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A short while back I posted this poster design as it was in development. After the first the first sketch, I saw some of Celia Herrera Rodriguez water color paintings and was inspired to draw the image of Tlaoc by hand. I found a image of Tlaloc in a photo taken of a temple in Guatemala in a google search, using the image as a source i drew Tlaloc as a bold graphic style. I was really happy of how the image came out, this has inspired me to make more drawings like this using old stone carvings as image sources and using more indigenous images in my work. To buy a copy of this print click here.
This year marks the 41st Anniversary of the first Chicano Moratorium Against the Vietnam War. The first Chicano Moratorium was a march that took place on August 29, 1970 where people gathered to protest the disproportionate number of Raza deaths during the Vietnam War. An estimated 30,000 people gathered and protested in a call for peace. It was a peaceful gathering until the East Los Angeles police escalated the alleged theft of six pack of beer to an all out police riot against innocent community members. As a result three young people died, many were injured, families were greatly affected and countless Americans were shocked by the brutal measures that the law enforcement acted upon that day.
The three people who were killed due to police violence were: Angel Diaz, Lynn Ward, a teen Brown Beret and Rubén Salazar. Rubén Salazar, an outspoken journalist, was killed by being struck in the head by a tear gas canister shot at short range. Many people still believe that Salazar’s death was a murder executed by an L.A. County Sherriff and that the intention was to silence “La Voz de la Raza”, as Salazar was affectionaly known as, and the light he shed in the political, economic and social struggles of Chicana/os in Los Angeles and the U.S. Many of the Chicano Moratorium participants were brutalized by police including being tear gassed, and beaten with batons by LAPD.
On August 28th we will continue the tradition of peacefully gathering to reflect on the on going struggles our communities face including violence, poverty, the attack on migrants, domestic wars and U.S. occupations.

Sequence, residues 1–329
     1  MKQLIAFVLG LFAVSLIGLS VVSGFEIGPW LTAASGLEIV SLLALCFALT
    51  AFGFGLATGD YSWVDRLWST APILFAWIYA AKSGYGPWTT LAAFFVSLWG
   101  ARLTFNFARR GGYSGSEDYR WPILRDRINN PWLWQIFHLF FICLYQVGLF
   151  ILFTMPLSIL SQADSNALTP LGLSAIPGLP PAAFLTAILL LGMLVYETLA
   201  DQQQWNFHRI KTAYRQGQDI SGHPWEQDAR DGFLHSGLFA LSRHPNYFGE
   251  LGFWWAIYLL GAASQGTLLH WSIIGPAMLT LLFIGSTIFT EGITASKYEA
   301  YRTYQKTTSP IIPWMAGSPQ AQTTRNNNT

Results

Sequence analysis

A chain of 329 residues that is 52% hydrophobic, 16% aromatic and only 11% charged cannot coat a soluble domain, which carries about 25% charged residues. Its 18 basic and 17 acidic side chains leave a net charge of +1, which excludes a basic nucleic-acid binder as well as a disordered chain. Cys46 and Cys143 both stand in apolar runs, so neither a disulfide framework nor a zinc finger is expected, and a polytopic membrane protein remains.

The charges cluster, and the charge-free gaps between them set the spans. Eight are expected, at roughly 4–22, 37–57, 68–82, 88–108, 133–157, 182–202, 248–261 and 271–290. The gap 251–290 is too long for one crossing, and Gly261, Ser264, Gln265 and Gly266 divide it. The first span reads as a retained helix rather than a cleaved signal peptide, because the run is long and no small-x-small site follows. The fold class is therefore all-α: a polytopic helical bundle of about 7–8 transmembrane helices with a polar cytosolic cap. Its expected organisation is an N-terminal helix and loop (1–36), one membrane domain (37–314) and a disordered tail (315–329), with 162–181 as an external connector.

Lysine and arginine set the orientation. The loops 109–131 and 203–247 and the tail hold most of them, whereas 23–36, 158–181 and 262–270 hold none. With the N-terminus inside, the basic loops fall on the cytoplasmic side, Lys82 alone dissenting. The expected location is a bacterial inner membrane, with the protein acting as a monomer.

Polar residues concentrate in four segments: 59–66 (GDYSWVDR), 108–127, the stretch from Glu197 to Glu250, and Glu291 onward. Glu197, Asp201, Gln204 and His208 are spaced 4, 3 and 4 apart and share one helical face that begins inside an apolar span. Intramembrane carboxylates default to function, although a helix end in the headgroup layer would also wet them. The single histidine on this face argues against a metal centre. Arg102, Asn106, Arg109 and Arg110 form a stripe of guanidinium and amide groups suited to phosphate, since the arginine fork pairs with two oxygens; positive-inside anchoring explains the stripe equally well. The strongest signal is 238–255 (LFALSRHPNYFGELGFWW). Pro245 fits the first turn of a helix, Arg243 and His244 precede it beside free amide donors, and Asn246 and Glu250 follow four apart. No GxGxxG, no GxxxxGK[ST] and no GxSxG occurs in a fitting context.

When: Sunday, August 28th from 12-5pm
Where: San Antonio Park in Oakland, On Foothill Blvd between 16th and 18th.
August 1st Through September 28th, 2011
Cultural Heritage Center at the SJSU Dr. Martin Luther King, Jr. Library
PRINTS FOR THE PEOPLE is a exhibition featuring work by Dignidad Rebelde, a graphic arts collaboration between artists Melanie Cervantes & Jesús Barraza. Emerging from the everyday struggles of Raza & Indigenous peoples, Dignidad Rebelde produces art intended to transform people’s stories into a radical visual language that is then returned to those who inspired it in the first place. Working primarily as poster artists, Dignidad Rebelde continues working in an important artistic tradition deeply rooted in popular social movements throughout the Americas.
If you are want to see some of the hottest artwork by artists from around the country who are dealing with the subjects of immigration, xenophobia, borders, and pro-migrant activism - then DON'T MISS the 1-day only show in Los Angeles, California - this Friday, July 29th @ 6 pm.
A Pro-Migrant Art Exhibit
Friday, July 29, 2011, Starting @ 6 pm
SEIU - 828 West Washington Boulevard Los Angeles, CA 90015-3310.
This Friday, The Sound Strike is organizing a Boycott Hatred Benefit Concert to benefit grassroots organizations in Arizona. This event will bring the LA community together with art, live music, a panel discussion, food and local vendors with the purpose of raising awareness and strengthening to pro-migrant movement.
The exhibit will open at 6 pm, and features an array of designers, street artists, painters, printmakers, and photographers. The artists include: Lalo Alcaraz, Hertz Alegrio, Steve Alfaro, Santiago Armengod, Rafael Cardenas, Ozzie Carmona, Jesus Barraza & Melanie Cervantes of Dignidad Rebelde, Juan Luis Garcia, Jon Garza, Art Hazelwood, Ray Hernandez, lapiztola oaxaca, Ricardo Levins Morales, Aaron Andrew Martin, Cesar Maxit, Doug Minkler, Mokhtar P99, Diane Ovalle, Favianna Rodriguez, Erik Ruin, Julio Salgado, Victor Sepulveda, Dewey Tafoya, Manny Torres, Justin Valas, Mark Vallen, Russell Varner, Ernesto Vasquez, Ernesto Yerena.
I will be working on a special installation throughout the exhibit, so be there on time to see the work evolve into the final piece.
To get more details about the event, click here. Special thanks to Reed Rickert for his video editing skills.
Chavela Vargas is a Mexican legend of rancheras and for my abuelita she was her siren of choice. Born in Costa Rica but claimed by most Mexicans she has been openly lesbian and is even known to have had a relationship with artist Frida Kahlo. Chavela once said: “I didn't attend lesbian classes. No one taught me to be this way. I was born this way, from the moment I opened my eyes in this world. I've never been to bed with a man. Never. That's how pure I am; I have nothing to be ashamed of. My gods made me the way I am.” She appears in Salma Hayek’s Frida film as a singer in a cantina and accompanies another favorite singer of mine, Lila Downs, who also appears and sings in the film.
Though my abuela and I both love Chavela belting out with passion songs of love and pain, I don’t remember hearing the music when I visited. I came to be a fan much later in life when I was in college. I remember being so excited when Chavela performed at Carnegie Hall in 2003. The recognition and platform was long overdue.
This is the fourth in a series of women singers who inspire me.Order a print by clicking here $100
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